Photoelectron imaging of guinea pig, hamster, and human spermatozoa
Griffith, O. H.
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Griffith, O. H.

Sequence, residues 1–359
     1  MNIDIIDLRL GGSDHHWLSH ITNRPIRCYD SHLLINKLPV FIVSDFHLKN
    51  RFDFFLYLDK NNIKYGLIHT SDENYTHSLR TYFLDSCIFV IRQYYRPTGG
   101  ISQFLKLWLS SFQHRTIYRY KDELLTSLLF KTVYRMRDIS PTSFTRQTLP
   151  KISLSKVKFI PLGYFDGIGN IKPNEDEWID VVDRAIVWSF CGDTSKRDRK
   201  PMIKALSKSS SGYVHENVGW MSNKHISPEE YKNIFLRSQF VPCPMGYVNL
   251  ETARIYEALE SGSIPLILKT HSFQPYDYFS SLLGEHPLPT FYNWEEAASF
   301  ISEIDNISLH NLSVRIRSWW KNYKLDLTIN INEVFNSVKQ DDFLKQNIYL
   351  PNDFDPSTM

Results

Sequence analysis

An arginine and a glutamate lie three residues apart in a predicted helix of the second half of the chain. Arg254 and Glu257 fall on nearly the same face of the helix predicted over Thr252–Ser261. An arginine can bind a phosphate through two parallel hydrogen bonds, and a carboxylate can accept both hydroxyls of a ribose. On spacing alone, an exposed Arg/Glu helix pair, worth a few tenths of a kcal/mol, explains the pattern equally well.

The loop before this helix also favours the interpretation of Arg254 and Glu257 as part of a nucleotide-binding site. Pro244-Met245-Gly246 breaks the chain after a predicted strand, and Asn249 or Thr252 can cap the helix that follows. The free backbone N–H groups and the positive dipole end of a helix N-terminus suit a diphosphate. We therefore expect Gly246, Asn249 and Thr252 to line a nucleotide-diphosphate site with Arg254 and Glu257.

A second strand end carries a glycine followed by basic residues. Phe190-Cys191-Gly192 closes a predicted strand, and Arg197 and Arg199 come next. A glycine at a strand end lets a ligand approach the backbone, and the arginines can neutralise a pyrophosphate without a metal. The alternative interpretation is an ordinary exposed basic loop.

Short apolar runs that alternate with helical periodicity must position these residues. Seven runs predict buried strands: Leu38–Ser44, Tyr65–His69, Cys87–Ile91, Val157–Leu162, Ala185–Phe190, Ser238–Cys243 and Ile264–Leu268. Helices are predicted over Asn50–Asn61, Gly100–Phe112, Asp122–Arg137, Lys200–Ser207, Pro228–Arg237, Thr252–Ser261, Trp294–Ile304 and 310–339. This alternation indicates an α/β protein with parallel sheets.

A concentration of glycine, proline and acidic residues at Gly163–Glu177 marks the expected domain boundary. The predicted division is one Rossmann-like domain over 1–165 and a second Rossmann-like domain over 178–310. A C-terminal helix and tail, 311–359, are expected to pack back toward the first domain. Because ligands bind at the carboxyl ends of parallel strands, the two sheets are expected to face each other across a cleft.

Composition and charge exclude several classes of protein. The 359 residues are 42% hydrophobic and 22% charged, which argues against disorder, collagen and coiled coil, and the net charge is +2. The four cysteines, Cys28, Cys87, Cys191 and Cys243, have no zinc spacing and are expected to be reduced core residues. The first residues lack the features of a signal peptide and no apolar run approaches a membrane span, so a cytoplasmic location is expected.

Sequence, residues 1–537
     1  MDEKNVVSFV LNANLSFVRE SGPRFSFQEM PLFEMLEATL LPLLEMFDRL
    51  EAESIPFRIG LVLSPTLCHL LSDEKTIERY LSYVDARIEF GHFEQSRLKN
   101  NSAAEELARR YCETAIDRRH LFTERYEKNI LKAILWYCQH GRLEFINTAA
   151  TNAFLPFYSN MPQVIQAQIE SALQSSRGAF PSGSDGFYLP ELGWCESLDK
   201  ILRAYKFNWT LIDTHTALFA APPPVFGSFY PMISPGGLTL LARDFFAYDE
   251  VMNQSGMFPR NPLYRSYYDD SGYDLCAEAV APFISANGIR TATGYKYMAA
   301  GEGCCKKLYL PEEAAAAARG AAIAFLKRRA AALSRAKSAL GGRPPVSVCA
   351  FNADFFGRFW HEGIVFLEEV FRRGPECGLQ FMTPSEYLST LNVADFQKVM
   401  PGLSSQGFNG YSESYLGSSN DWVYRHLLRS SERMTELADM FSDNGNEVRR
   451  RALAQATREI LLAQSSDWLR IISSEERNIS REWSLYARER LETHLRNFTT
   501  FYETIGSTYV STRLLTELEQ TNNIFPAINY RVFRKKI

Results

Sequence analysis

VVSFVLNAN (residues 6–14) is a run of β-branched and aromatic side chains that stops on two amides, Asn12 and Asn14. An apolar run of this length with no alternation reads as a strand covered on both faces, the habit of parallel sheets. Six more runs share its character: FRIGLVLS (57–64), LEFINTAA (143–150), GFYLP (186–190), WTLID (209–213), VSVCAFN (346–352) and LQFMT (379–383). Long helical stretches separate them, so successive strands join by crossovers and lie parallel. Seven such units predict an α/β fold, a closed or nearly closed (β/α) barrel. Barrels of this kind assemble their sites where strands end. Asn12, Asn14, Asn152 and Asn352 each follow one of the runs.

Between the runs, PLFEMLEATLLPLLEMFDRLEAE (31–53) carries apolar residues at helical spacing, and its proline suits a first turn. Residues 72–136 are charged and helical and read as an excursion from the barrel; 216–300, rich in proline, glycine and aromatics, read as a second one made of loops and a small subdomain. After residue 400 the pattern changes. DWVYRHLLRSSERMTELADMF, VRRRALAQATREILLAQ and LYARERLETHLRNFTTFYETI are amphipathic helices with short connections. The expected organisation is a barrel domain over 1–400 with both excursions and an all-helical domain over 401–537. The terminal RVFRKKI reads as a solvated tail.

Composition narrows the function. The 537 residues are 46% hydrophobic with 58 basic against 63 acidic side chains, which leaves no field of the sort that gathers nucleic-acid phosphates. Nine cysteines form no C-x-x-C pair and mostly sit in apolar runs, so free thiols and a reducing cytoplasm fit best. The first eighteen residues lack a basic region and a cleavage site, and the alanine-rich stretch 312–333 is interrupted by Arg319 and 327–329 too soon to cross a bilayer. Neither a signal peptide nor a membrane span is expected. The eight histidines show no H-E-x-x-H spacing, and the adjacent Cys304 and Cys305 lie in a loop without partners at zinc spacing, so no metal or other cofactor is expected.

Photoelectron images of mammalian spermatozoa were obtained by subjecting the specimens to u.v.-irradiation and focussing the emitted electrons by electron optics (photoelectron microscopy). Guinea-pig, hamster and human sperm atozoa were fixed in glutaraldehyde, deposited on conductive glass discs, and dehydrated. Sufficient quantities of photoelectrons were released from the surface of spermatozoa to produce images without staining, coating or metal shadowing. The large planar heads of guinea-pig spermatozoa were easily resolved with good delineation of acrosomal and postacrosomal regions. Residual vesicles could be visualized on the surface of the inner acrosomal membrane of spermatozoa that had undergone the acrosome reaction. Also detectable in these photoelectron images were finer membrane surface details, periodicities in the midpiece region of the tail which coincided with the distribution of mitochondria, and periodicities in the principal piece which appeared to be related to fibrous sheath components. Hamster spermatozoa were similarly well resolved but human spermatozoa were more difficult to image because of their increased surface curvature. The mechanism responsible for detection of these surface details is primarily topographical contrast rather than material contrast, since spermatozoa coated with a thin layer of gold or platinum exhibited similar features, althoughat reduced resolution, as the uncoated specimens.